(p. A1) Black Americans have been hired much more rapidly in the wake of the pandemic shutdowns than after previous recessions. But as the Federal Reserve tries to soften the labor market in a bid to tame inflation, economists worry that Black workers will bear the brunt of a slowdown — and that without federal aid to cushion the blow, the impact could be severe.
Some 3.5 million Black workers lost or left their jobs in March and April 2020. In weeks, the unemployment rate for Black workers soared to 16.8 percent, the same as the peak after the 2008 financial crisis, while the rate for white workers topped out at 14.1 percent.
Since then, the U.S. economy has experienced one of its fastest rebounds ever, one that has extended to workers of all races. The Black unemployment rate was 6 percent last month, just above the record low of late 2019. And in government data collected since the 1990s, wages for Black workers are rising at their fastest pace ever.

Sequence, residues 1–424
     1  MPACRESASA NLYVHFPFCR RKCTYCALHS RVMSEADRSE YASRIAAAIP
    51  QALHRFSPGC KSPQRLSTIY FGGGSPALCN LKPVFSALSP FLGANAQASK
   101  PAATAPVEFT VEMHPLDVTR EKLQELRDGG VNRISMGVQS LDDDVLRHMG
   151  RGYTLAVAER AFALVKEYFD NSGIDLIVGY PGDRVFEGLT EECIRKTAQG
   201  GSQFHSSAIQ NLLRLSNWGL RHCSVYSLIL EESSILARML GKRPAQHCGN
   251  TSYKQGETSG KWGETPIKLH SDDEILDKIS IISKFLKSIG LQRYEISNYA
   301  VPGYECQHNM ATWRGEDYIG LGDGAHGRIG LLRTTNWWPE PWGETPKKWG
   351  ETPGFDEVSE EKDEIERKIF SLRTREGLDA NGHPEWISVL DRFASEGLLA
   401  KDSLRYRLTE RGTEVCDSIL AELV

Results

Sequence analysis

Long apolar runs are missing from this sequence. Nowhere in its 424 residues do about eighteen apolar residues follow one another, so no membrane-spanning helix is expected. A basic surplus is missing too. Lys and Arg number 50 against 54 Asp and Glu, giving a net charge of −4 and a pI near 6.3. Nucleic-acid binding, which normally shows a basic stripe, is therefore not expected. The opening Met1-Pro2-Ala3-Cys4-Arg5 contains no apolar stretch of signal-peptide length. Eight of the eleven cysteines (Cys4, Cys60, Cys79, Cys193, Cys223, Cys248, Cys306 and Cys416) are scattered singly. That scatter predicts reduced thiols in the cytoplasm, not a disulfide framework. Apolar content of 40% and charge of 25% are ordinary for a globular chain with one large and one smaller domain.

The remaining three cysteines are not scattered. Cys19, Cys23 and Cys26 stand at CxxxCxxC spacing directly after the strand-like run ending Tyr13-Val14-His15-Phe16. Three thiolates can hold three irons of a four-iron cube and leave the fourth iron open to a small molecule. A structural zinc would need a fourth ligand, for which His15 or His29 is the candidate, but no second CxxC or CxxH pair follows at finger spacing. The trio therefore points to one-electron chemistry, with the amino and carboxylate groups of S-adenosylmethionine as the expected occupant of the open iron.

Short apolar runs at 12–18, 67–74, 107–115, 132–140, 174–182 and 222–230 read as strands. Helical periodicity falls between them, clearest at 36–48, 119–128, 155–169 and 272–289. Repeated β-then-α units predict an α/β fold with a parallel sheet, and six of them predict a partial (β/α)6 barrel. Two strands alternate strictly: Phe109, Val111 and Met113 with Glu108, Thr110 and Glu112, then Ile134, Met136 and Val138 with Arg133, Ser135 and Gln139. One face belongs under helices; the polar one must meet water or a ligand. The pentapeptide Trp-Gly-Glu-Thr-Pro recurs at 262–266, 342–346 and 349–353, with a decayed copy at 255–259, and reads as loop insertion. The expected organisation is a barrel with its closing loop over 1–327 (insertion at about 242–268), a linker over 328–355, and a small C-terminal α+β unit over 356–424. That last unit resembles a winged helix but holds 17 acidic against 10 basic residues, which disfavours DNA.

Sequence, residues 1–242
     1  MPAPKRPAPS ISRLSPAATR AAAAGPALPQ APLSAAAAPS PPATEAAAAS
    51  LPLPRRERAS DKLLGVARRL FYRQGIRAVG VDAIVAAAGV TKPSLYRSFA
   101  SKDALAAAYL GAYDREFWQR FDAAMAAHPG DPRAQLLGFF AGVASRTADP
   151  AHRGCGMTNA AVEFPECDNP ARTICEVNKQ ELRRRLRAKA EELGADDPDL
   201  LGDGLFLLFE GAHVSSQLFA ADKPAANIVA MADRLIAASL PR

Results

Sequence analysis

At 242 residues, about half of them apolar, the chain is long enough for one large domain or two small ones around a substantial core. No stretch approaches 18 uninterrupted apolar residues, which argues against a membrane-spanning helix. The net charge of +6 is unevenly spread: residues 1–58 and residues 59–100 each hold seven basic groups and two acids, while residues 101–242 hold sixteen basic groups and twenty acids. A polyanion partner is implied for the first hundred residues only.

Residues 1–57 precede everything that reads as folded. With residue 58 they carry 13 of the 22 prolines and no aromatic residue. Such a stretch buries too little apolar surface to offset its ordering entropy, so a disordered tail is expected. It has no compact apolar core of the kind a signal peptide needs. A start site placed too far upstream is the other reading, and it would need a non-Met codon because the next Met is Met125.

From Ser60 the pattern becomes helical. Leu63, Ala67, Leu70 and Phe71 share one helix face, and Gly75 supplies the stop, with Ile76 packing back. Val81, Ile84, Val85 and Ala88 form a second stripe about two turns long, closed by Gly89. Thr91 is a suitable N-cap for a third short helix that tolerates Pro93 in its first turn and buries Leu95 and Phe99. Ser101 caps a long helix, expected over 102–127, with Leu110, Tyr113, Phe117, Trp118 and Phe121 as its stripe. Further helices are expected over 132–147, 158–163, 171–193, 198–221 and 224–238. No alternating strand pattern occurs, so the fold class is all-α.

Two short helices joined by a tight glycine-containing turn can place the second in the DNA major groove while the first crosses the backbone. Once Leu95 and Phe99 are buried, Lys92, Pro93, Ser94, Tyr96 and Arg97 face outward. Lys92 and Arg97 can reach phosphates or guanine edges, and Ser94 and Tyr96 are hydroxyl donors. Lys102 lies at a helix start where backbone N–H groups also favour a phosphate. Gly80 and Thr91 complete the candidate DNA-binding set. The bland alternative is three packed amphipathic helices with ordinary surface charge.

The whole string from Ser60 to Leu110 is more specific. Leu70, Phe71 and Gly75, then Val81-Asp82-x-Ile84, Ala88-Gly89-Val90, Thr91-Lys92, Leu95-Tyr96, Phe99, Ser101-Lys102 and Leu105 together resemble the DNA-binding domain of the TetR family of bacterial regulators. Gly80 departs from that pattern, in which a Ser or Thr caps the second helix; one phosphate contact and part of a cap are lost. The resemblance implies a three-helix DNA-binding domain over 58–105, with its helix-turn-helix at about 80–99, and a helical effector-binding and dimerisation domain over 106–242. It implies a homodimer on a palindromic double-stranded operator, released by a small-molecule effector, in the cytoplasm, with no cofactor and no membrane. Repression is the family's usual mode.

Now policymakers at the Fed and in the White House face the challenge of fighting inflation without inducing a recession that would erode or reverse those workplace gains.
Decades of research has found that workers from racial and ethnic minorities — along with those with other barriers to employment, such as disabilities, criminal records or low levels of education — are among the first laid off during a downturn and the last hired during a recovery.
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(Note: the online version of the story has the same date as the print version and has the title “What Will Happen to Black Workers’ Gains if There’s a Recession?”)